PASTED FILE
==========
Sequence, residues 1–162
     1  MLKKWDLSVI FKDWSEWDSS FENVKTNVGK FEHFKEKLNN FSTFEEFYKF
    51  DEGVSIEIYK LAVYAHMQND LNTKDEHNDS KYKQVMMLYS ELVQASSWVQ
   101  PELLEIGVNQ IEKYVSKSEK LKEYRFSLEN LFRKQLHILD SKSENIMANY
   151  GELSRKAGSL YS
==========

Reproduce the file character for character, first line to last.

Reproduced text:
Sequence, residues 1–162
     1  MLKKWDLSVI FKDWSEWDSS FENVKTNVGK FEHFKEKLNN FSTFEEFYKF
    51  DEGVSIEIYK LAVYAHMQND LNTKDEHNDS KYKQVMMLYS ELVQASSWVQ
   101  PELLEIGVNQ IEKYVSKSEK LKEYRFSLEN LFRKQLHILD SKSENIMANY
   151  GELSRKAGSL YS